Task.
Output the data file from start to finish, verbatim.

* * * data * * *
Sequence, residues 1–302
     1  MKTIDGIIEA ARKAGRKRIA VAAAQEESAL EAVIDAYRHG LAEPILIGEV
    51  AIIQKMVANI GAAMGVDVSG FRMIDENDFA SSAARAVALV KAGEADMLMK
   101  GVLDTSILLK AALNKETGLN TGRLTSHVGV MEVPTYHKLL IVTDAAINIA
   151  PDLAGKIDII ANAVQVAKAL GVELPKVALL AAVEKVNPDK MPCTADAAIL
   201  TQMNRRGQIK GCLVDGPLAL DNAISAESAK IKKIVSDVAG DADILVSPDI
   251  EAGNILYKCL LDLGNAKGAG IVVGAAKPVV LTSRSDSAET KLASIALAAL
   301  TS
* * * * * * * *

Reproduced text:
Sequence, residues 1–302
     1  MKTIDGIIEA ARKAGRKRIA VAAAQEESAL EAVIDAYRHG LAEPILIGEV
    51  AIIQKMVANI GAAMGVDVSG FRMIDENDFA SSAARAVALV KAGEADMLMK
   101  GVLDTSILLK AALNKETGLN TGRLTSHVGV MEVPTYHKLL IVTDAAINIA
   151  PDLAGKIDII ANAVQVAKAL GVELPKVALL AAVEKVNPDK MPCTADAAIL
   201  TQMNRRGQIK GCLVDGPLAL DNAISAESAK IKKIVSDVAG DADILVSPDI
   251  EAGNILYKCL LDLGNAKGAG IVVGAAKPVV LTSRSDSAET KLASIALAAL
   301  TS